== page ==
Background: There is little information available on the anatomic location of the vertebral artery in pediatric patients undergoing a posterior cervical arthrodesis involving the first cervical vertebra (C1). The purpose of this study was to define how far laterally one can safely dissect posteriorly without risk to the vertebral artery in pediatric patients.
Methods: A subset of computed tomography angiograms of the neck that had been previously obtained in patients at our institution was evaluated. The location of the vertebral artery was identified on both the right and the left side at the vertebral artery groove.
Results: A total of 549 patients were included. The vertebral artery was an average of 13.97 mm (standard deviation, 1.89 mm) from the midline. Ninety-seven percent of the vertebral arteries were more than 1 cm lateral to the midline, and none were less than 8mmfrom the midline. There was a significant difference among the age groups in the location of the vertebral artery, with the vertebral artery closer to the midline in younger patients (p 0.001). In patients eight years of age or older, the average distance from the midline equaled the value reported for adults.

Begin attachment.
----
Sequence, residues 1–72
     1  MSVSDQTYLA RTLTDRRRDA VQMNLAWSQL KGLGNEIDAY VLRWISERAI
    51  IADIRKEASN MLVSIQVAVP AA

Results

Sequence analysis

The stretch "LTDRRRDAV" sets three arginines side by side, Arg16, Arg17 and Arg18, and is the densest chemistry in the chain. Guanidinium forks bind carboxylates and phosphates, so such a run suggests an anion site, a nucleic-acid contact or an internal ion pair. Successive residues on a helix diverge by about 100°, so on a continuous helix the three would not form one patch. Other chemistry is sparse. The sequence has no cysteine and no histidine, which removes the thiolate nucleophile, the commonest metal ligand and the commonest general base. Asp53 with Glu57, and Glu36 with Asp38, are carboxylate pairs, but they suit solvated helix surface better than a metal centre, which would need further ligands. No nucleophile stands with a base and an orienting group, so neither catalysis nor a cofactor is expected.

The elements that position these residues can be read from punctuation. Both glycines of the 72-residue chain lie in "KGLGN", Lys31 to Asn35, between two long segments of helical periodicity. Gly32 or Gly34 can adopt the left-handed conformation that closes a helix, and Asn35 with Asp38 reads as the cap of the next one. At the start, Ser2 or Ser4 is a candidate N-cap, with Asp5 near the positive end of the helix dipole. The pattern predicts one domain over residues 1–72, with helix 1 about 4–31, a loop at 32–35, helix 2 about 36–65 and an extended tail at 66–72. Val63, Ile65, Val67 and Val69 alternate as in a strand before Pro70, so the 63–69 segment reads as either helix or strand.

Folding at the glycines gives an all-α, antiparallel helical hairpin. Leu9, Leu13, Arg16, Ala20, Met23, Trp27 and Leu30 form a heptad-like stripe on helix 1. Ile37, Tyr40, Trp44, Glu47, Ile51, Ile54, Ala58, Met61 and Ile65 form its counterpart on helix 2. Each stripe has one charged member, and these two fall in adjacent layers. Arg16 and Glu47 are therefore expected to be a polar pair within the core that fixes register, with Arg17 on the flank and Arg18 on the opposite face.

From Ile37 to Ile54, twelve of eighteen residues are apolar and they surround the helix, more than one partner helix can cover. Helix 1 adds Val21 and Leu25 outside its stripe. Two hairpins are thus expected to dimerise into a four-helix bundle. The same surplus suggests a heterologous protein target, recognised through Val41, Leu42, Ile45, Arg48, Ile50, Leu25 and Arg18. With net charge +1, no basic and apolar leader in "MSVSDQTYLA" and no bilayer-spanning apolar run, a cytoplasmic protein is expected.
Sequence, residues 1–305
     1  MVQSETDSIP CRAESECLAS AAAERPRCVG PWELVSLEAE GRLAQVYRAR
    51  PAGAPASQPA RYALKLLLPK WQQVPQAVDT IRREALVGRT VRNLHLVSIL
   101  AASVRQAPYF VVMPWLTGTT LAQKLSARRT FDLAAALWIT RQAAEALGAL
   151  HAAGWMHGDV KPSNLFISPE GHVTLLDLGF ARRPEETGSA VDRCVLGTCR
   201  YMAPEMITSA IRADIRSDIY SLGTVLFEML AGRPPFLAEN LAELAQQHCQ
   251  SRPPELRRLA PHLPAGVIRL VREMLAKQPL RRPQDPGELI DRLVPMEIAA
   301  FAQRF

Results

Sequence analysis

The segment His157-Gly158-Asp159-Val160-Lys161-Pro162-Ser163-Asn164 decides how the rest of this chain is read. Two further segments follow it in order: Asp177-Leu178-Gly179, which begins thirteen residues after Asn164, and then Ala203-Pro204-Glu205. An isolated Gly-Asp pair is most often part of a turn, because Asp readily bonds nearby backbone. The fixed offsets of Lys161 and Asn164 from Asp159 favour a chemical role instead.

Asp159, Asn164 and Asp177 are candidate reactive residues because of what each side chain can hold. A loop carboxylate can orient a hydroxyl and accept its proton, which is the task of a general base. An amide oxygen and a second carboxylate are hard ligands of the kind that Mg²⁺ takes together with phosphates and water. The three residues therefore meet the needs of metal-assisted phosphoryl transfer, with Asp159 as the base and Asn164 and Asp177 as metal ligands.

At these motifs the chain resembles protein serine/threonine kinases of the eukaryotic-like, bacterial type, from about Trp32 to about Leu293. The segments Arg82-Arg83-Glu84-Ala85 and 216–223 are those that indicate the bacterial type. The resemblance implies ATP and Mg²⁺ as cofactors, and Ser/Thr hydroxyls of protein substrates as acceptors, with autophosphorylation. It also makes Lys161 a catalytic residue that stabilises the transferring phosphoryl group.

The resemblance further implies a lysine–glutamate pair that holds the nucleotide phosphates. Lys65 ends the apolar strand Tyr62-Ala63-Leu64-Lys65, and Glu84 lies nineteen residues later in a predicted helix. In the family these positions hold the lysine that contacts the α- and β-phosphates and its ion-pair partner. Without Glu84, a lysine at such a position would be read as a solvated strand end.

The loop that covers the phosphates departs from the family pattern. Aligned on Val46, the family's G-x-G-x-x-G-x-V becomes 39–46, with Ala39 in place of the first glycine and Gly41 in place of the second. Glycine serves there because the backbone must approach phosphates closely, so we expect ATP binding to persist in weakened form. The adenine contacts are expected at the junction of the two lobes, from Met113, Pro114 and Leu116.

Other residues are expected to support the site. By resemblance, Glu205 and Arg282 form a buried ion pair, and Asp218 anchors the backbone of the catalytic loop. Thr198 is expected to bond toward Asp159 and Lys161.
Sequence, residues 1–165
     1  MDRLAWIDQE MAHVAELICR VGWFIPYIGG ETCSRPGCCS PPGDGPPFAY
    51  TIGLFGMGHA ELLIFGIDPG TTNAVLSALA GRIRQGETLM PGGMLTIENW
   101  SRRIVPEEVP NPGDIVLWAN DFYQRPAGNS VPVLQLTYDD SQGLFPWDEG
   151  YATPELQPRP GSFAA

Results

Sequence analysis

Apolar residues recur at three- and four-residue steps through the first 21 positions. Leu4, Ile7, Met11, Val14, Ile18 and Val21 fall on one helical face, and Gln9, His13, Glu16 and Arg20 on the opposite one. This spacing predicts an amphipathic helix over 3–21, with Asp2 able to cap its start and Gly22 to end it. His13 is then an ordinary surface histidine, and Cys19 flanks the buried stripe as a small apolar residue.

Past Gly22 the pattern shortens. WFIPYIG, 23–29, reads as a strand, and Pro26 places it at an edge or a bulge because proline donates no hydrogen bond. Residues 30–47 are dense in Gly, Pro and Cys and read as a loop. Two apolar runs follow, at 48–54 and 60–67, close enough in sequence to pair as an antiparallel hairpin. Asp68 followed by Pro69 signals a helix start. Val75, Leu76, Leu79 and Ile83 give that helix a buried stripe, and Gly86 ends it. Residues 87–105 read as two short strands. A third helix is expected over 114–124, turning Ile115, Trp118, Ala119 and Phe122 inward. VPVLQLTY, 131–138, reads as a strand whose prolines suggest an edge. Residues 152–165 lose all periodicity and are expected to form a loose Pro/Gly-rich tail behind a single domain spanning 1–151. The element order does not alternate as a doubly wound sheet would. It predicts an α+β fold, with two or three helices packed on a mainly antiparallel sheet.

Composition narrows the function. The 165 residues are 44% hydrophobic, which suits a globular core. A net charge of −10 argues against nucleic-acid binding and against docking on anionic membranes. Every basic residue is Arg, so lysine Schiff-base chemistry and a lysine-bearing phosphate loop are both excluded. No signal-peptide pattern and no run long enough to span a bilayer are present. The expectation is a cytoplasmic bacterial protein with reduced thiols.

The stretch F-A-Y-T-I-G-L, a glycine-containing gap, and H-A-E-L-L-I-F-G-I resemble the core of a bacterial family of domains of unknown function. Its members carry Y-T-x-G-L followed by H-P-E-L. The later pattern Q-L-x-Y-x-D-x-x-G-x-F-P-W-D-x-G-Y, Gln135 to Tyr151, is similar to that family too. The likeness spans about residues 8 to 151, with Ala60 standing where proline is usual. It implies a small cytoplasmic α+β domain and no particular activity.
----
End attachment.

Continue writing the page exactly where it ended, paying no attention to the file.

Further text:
Conclusions: Patients under the age of eight years had vertebral arteries that were significantly closer to the midline compared with those of older patients; nonetheless, 97% of the vertebral arteries in the younger patients were more than 1 cm lateral to the midline.
Clinical Relevance: Increased care must be taken when dissecting out laterally on C1 in younger patients, as the vertebral artery tends to be closer to the midline than has been described in adults.
|Original language||English (US)|
|Number of pages||5|
|Journal||Journal of Bone and Joint Surgery - American Volume|
|State||Published - Sep 17 2014|
ASJC Scopus subject areas
- Orthopedics and Sports Medicine